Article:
Annie likes things to be color-coded. She started this practice early, in kindergarten, with her brightly colored folders, each labeled carefully so there was one for every individual subject: blue for math, red for language arts, orange for social studies, and green for science. She never lost anything, always had her homework done on time, and she credited it all to this simple organizational system. In fact, the only time things ever went awry was once in second grade, when the mean little boy sitting next to her slipped one of her math sheets into the back of her science folder. To her seven-year-old brain, it'd been chaos.
The bright folders had lasted until middle school, where they'd seemed almost immature, and she'd promptly switched to a three-ring binder. This is what she keeps now, her classes divided by just as brightly colored tabs, each with a corresponding notebook for neat, hand-written notes—and, she admits, a folder too, just in case.
Sometimes Annie wishes she could color-code life this way, slip each experience into its own designated section, organized, tidy, everything in its place, ready for revision and review. If only the world worked like that, she thinks on occasion. Often, events simply defy classification.
Her addiction to Adderall is one of those events—an anomaly, like a math paper viciously hidden in her science folder solely intended to throw her off track. She hadn't even wanted to take the stupid pills in the first place, but between co-opting, three AP classes, and being in student council as well as an officer in four different clubs, something had to give. She'd been at her wits' end when she overheard two of her classmates mentioning it, and, dangerously close to ending up with a B+ in AP Calculus, she'd sought out Melissa at lunch the next day.
Melissa Evans was the school drug dealer at the time. She was pretty and sociable, but scary, so although everyone knew how she could afford a brand new car and designer clothes, no one actually said anything about it. That was considered suicide. "Annie!" Melissa greeted her warmly, which was the way Melissa greeted everyone. "Come sit down. What can I do for you today?"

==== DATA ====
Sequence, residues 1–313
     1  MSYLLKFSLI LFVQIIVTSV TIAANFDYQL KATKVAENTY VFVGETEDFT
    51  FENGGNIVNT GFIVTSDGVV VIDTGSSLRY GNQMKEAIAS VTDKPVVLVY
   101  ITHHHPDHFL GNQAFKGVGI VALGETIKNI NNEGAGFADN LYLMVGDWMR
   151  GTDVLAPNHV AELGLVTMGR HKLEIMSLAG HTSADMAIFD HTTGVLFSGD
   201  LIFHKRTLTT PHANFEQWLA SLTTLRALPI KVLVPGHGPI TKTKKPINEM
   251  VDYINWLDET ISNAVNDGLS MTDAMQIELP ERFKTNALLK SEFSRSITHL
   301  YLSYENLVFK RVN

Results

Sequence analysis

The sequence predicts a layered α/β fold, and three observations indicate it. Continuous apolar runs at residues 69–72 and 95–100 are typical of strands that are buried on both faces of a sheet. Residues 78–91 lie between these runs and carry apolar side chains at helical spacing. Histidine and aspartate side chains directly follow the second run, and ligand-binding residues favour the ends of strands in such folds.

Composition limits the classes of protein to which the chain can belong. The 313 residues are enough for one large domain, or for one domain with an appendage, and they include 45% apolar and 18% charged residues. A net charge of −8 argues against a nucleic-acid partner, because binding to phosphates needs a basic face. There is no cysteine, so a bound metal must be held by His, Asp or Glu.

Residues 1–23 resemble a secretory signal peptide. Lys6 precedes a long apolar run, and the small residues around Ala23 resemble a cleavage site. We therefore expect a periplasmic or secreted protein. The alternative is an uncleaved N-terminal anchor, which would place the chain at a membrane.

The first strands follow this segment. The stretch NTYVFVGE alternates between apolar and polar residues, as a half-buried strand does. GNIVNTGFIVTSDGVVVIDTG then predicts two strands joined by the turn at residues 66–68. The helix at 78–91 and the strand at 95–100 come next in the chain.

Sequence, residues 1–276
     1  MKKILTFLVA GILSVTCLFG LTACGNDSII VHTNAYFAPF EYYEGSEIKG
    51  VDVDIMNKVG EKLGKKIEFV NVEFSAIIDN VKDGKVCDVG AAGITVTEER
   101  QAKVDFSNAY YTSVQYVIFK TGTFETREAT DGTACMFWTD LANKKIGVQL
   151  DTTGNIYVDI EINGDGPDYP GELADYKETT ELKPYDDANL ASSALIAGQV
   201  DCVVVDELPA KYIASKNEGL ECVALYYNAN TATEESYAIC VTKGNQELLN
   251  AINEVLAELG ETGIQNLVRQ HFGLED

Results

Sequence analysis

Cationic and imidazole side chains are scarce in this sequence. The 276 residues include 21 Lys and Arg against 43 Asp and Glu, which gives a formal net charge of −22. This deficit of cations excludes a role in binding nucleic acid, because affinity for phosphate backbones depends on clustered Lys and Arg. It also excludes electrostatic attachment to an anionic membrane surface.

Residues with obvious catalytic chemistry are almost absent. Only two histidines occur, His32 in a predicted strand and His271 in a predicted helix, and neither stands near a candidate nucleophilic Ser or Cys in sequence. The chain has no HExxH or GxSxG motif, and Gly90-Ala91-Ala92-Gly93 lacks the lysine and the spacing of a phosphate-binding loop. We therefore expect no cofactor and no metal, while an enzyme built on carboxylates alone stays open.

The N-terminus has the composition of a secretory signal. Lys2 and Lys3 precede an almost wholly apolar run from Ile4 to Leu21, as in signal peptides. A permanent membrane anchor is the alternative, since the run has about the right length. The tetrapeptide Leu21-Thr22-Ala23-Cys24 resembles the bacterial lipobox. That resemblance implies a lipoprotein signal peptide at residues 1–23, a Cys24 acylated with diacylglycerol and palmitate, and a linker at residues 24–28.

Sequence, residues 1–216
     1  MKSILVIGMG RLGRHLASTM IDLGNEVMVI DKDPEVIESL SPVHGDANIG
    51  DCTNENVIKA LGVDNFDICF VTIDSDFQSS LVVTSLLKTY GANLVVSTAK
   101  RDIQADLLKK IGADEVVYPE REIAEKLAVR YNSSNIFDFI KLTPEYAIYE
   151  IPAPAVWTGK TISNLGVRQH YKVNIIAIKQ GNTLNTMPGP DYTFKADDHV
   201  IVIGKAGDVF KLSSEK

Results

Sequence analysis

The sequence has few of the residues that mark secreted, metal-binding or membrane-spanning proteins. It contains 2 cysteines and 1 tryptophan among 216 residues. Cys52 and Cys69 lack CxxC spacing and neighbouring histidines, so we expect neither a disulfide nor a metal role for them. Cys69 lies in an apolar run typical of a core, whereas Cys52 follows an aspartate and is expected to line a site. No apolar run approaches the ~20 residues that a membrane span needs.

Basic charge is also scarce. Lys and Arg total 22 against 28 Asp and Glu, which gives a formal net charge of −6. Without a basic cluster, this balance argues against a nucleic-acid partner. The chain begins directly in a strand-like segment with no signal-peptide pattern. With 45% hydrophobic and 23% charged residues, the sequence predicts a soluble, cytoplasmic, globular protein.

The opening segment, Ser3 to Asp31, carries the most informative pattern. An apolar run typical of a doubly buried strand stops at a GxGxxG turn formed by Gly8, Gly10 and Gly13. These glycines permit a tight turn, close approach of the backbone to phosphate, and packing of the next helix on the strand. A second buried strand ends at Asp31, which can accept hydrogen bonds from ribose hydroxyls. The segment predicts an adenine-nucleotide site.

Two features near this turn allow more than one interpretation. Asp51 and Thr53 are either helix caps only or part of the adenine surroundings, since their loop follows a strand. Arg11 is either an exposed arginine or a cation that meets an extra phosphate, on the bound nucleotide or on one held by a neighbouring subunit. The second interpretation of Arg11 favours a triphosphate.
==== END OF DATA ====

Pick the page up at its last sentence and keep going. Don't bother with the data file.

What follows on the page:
"Um," she said, looking awkwardly over her shoulder. "I need—I heard there was something that could help you focus? For school and stuff?"
Melissa smiled. "I have a few things like that. Did you want something specific?"
"Adderall, I think?"
"Good choice," said Melissa. "A bottle of thirty pills will cost you $150."
Annie nodded. "Do I—do I pay you now, or?"
"Wait until you get it," Melissa advised. "Meet me across the street day after tomorrow, before school."
"Okay. Thanks." Annie stood, feeling slightly sick to her stomach, and Melissa waved at her as she walked away.
At first, things had been perfect, she reflects. She'd been able to concentrate long enough to really study for Calculus, managing an A on the midterm she'd been worried about. She'd also stopped being so tired during her student council meetings in the morning, and best of all, she felt better, almost more confident. It'd been great until suddenly it'd been awful, when she couldn't sleep at all, when the pills stopped working as effectively, so she had to take more, when she'd had a breakdown in the middle of AP Chemistry.
"Leave my bag alone," she snapped at one of the football players. Other than Troy, she'd never bothered to learn their names.
"I wasn't touching it," he said, which was true enough—he'd brushed it, but in hindsight, she could see it'd been an accident.
"You football players are all alike!" she yelled. "You walk around here like you own the place. Well, you don't! Other people exist, you know!"
"What the hell is your problem?"
"I just don't want you touching my things," she said, tugging too tightly on her bag. It crashed to the floor, front opening, her bottle of pills rolling out and landing at the feet of her chemistry teacher. He picked them up, eyebrows rising as he looked at them, then her, and back again, and it felt like time had slowed to a crawl.
Almost an eternity later, he said, "Ms. Edison, where did you get these? They're not prescribed to you." When she refused to answer, looking anywhere but at him, he added, "I think we ought to take a trip to the dean's office."